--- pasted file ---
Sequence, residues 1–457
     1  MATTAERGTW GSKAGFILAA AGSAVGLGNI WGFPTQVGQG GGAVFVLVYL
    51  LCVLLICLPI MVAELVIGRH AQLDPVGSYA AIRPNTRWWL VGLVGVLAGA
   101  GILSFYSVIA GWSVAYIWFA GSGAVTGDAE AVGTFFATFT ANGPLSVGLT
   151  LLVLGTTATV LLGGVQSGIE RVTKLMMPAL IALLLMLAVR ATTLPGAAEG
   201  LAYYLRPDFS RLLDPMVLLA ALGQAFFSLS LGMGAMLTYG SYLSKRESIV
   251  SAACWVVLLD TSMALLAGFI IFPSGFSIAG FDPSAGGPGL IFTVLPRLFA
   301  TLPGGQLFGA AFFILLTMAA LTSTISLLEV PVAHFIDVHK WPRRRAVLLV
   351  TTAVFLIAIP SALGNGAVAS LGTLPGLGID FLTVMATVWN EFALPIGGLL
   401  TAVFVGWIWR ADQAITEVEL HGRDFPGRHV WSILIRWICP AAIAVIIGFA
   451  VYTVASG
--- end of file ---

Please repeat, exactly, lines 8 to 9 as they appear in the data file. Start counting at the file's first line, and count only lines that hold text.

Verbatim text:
   301  TLPGGQLFGA AFFILLTMAA LTSTISLLEV PVAHFIDVHK WPRRRAVLLV
   351  TTAVFLIAIP SALGNGAVAS LGTLPGLGID FLTVMATVWN EFALPIGGLL